Henry Silver

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Henry K. Silver, MD
Born 1918
Philadelphia, Pennsylvania
Died 1991
Denver, Colorado
Fields Medicine
Alma mater University of California at Berkeley
Known for Russell-Silver syndrome
Physician extender education

Henry K. Silver, MD (1918 - 1991) was an American pediatrician who influenced the early development of the physician assistant and nurse practitioner roles in the United States. Silver created the nation's first nurse practitioner education program in the 1960s, and he established a pediatric physician assistant program a few years later. In his later career, Silver studied and published on the abuse of medical students by physicians.

Biography[edit]

Henry Silver was born in Philadelphia in 1918.[1] He attended medical school at the University of California at Berkeley. Silver served on the faculty at the University of California Medical School and Yale University School of Medicine early in his career. In 1957, Silver joined the University of Colorado School of Medicine. From 1978 to his death, Silver served as the medical school's associate dean of admissions.[2]

While at Colorado, he created a pediatric nurse practitioner (PNP) program in 1964, which represented the first nurse practitioner program in the nation. The PNP program opened the next year. The successful utilization of the program's nurse practitioners led to Silver's interest in creating physician assistant (PA) training programs. A school nurse practitioner was later created at Colorado as well.[1]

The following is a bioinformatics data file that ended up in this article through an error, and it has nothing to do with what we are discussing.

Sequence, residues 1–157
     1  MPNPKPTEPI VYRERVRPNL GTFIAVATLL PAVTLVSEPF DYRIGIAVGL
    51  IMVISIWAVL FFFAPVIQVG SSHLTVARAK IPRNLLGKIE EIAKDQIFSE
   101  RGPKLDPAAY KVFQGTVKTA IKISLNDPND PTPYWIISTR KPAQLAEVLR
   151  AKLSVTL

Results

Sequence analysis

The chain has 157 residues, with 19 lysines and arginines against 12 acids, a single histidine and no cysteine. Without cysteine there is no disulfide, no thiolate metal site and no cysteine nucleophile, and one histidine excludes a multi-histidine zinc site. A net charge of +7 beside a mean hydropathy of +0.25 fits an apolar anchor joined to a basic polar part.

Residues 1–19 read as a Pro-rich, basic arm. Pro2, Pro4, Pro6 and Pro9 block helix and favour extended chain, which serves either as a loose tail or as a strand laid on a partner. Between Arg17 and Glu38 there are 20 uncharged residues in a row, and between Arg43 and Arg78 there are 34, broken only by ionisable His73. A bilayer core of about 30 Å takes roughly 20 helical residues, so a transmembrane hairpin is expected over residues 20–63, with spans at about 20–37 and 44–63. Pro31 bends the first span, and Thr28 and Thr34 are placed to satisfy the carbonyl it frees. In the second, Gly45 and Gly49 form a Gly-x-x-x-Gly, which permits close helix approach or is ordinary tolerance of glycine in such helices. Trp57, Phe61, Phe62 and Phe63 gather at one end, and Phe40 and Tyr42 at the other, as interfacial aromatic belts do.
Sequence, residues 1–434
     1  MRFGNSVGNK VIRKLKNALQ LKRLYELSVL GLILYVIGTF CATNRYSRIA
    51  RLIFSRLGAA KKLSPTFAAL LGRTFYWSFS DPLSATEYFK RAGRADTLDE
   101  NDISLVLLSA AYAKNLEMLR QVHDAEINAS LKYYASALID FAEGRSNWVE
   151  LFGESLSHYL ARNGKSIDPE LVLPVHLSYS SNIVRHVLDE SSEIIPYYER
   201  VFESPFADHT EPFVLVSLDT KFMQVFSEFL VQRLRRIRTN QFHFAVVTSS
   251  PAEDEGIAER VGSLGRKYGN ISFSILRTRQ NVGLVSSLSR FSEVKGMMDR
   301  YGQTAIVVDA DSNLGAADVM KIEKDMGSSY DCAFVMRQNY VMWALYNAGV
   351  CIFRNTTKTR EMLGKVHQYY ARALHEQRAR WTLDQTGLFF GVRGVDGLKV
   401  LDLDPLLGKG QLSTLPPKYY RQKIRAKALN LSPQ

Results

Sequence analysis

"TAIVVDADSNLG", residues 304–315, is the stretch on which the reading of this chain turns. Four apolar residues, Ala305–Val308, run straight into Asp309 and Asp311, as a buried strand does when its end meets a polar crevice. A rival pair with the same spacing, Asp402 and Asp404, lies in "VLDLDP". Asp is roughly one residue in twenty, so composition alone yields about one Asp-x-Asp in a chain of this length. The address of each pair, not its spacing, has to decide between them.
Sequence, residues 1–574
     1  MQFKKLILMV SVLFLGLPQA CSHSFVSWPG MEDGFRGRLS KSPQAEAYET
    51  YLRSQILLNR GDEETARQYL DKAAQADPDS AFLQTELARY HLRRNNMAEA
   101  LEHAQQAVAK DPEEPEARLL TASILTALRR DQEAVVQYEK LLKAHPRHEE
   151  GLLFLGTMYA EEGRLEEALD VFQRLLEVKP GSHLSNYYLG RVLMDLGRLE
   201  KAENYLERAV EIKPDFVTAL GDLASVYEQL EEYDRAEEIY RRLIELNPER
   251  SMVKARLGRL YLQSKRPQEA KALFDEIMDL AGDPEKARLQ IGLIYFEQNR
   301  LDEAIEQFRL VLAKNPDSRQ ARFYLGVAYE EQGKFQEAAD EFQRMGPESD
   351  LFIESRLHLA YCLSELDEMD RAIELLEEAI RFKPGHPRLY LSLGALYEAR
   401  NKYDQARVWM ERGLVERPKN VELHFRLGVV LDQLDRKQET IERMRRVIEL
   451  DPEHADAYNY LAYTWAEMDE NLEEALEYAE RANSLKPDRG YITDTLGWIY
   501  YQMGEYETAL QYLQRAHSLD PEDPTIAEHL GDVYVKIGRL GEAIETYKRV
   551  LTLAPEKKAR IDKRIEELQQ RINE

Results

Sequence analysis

Silver founded the pediatric PA program at Colorado in 1969. The initial concept behind the PA program was to train pediatric providers with five years of education after high school rather than the eleven years that it took to become a pediatrician. The program, designed to mitigate a physician shortage, initially awarded bachelor's degrees.[3] The program's first nine graduates, who were all female and who were initially known as child care associates, began to practice in clinics and hospitals in 1972.[4]

Silver coined the term deprivation dwarfism to describe stunted child growth in spite of voracious eating. After a study of several affected children, Silver and a colleague attributed the situation to a lack of parental affection.[5] Another growth disorder, Russell-Silver syndrome, is named in part after him.[6] He was the co-author of a 1990 study which examined mistreatment among 431 medical students. Eighty percent of the students in the study reported incidents of mistreatment during medical school.[7]

Silver died of cancer in January 1991 at University Hospital in Denver.[2]

References[edit]

  1. ^ a b "Silver, Henry K.". Physician Assistant History Society. Retrieved May 11, 2013. 
  2. ^ a b "Henry K. Silver, 72, Pediatrician, Is Dead". The New York Times. January 16, 1991. Retrieved May 11, 2013. 
  3. ^ "New Type of Medical Training". The Norwalk Hour. October 8, 1968. Retrieved May 11, 2013. 
  4. ^ "US Physicians Hear About Warnings and Hopes". The Milwaukee Journal. June 23, 1972. Retrieved May 11, 2013. 
  5. ^ "Lack of Parental Love May Stunt Growth". St. Petersburg Times. August 26, 1966. Retrieved May 11, 2013. 
  6. ^ "Silver-Russell Syndrome". Swedish Information Centre for Rare Diseases. Retrieved May 11, 2013. 
  7. ^ "The High Cost of Doctoring". The Vindicator. January 26, 1990. Retrieved May 11, 2013.